What's Coming Up 36: Gloves, design for ugly fence, scale, maintenance

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Gloves for all gardeners, all seasons

Euonymus scale

Design to correct for ugly fence

Environmentally friendly pest control

Cutting back roses, lavender, others in spring

Newspaper as mulch

 

Did you arrive at this page from a search of the site?  All of the topics below are included in this issue of What's Coming Up. Download the issue to learn about:

ash, Fraxinus, emerald ash borer
blue mist spirea, Caryopteris
butterfly bush, Buddleia
cutting back woody sub-shrubs
design corner, strong visual influence in design
design line, texture, color, fencing as line, visual element in design
Euonymus scale, environmentally friendly control, horticultural oil, insecticidal soap
fence line, chain link fence, design to cover fence, design to hide fence
gardener's health, skin, eczema, abrasives, cracking skin, fungi
gloves, Woman's Work brand, West Country brand, Atlas Nitrile Touch
groundcovers slow shrub comeback from cutback
hybrid tea roses
lavender
maintenance, perennials compared to annuals
newspaper as mulch, newspaper in addition to mulch
perennials hardened off
raised bed for vegetables, advantages of raised bed,
sage
slugs
Specialty Growers

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Gloves for gardeners

Over the decades I've been intimate with over 500 pairs of gloves in more than 20 styles. Currently, these four are my regulars (left): Early and late in the year I'm in Woman's Work gloves (the purple ones at left in this group, which the guys in my crew use, too). I consider them interchangeable with a very similar West Country glove (not pictured here). These are warmest so they're my choice in late winter.

I switch to the lighter Woman's Work style when it's cool but no longer icy. (They're the green pair, second from left). These Woman's Work gloves and the comparable West Country model have velcro wrist closures, which keep soil from getting inside the glove. All have padded palms and fingertips, which go a long way to cushion my hands from the wear that can trigger my arthritis-, carpal tunnel- and vibration white finger symptoms. They are my most expensive gloves (about $20) but they make up for it by out-wearing the others. Even though I use them hard every day they may last a whole season. I wear out three or four pairs of lighter weight gloves in that length of time.

By mid-spring I'm wearing the lighter Atlas "Touch" gloves and in summer the Atlas "Cool Touch." Both have long-wearing elastic at the cuffs and protect my hands well yet allow amazing dexterity and feeling.

All four of these gloves are made by national companies and are available from on-line vendors. Locally, I pick them up as needed at English Gardens, Telly's, Ray Wiegand's Nursery, Bordine's or my local hardware store (McNab's; what a great place).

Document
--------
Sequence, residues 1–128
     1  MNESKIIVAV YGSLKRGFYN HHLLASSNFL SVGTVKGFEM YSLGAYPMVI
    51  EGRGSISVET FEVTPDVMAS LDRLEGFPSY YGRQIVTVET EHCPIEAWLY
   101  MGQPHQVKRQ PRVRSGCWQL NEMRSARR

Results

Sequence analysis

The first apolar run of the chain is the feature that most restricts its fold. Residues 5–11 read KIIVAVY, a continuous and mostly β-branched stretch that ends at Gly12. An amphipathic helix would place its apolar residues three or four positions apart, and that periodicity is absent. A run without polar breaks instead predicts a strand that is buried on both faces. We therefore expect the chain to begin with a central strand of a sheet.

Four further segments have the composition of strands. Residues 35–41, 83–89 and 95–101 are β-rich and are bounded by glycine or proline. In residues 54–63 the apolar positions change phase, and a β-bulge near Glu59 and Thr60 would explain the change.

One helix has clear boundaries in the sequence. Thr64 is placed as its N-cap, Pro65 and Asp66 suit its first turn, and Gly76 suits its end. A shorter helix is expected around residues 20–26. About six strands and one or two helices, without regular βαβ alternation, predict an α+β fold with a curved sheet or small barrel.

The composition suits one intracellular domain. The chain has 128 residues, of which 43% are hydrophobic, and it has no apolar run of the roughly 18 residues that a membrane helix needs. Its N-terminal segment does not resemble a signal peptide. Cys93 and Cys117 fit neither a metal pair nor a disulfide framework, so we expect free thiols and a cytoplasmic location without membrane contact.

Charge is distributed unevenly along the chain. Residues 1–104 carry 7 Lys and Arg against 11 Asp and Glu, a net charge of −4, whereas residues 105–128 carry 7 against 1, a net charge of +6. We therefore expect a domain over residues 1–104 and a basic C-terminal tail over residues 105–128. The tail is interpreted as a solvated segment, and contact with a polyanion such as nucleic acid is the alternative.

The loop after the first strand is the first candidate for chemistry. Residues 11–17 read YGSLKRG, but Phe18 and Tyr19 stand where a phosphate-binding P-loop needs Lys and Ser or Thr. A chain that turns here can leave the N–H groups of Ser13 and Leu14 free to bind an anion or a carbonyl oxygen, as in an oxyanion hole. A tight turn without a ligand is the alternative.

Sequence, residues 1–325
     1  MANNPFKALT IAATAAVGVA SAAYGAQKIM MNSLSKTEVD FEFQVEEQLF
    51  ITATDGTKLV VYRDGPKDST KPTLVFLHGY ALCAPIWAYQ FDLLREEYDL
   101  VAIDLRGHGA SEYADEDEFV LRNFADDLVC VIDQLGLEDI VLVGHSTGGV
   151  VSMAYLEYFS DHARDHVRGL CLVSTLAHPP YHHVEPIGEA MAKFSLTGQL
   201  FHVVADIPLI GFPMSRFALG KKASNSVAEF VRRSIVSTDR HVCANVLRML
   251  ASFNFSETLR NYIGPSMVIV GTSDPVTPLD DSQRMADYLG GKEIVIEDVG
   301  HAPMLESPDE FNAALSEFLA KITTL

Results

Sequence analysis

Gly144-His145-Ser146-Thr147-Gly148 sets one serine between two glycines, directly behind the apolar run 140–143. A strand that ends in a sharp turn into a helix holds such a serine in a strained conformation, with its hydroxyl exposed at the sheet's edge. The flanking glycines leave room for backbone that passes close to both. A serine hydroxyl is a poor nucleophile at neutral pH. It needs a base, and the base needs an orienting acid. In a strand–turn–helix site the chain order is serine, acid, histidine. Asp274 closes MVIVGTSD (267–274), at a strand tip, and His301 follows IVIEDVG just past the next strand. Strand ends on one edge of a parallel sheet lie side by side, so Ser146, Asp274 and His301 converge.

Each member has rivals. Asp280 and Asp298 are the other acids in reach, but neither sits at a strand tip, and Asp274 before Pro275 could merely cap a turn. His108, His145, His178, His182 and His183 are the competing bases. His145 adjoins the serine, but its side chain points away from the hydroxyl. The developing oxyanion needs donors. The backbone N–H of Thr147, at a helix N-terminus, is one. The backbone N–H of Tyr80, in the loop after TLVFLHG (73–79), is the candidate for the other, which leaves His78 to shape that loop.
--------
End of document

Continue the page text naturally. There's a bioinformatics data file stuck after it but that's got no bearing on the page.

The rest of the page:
For many years I've made it a condition of employment that those who work with me wear gloves. No one has protested. That may be because those who draw gloves from my collection see regular illustrations of what they do for us, as shown here (above) in the comparison of a new and worn pair of my Woman's Work gloves. Check out those fingertips and palms! The forces that wore away both padding and substance there could have easily flayed skin.

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Oil it takes to control scale...

The white flecks on this variegated Euonymus leaf are the hardened bodies of adult scales. They're difficult to kill as hard-shelled adults, simpler to dispatch when they are just starting out the year as crawlers. That time is now as the plant's new leaves emerge.

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Cutting back

(Above) These are the bases of lavender stems I've just removed in an annual cut-back. I found tiny gray-green nubs of foliage on the stems just an inch above ground, so I cut to just above those buds. Look close and you can see them on the sage cuts, too (below). They're gray dots, ready to grow.

Above: Younger stems are on the right in these groups, progressively older to the right. Notice the oldest stems have become decrepit over years, with fewer growth buds evident and more spindly or dead wood. That's because the wood of these Mediterranean natives does not fare well in hot, humid summers. Infections develop and grow on the stems, year by year.

Above: That dark space by my loppers is a dwarf spirea I cut back this week, early April. Its not-yet-cut fellows are in the background.

Here (below) is the stubby
 remnant of that spirea with all its thinnest stems removed (cut weak wood hard, leave only the sturdiest to re-sprout) and the groundcover myrtle pulled away. That myrtle would have shaded the stubs and slowed development of dormant bus that would become new canes.

 

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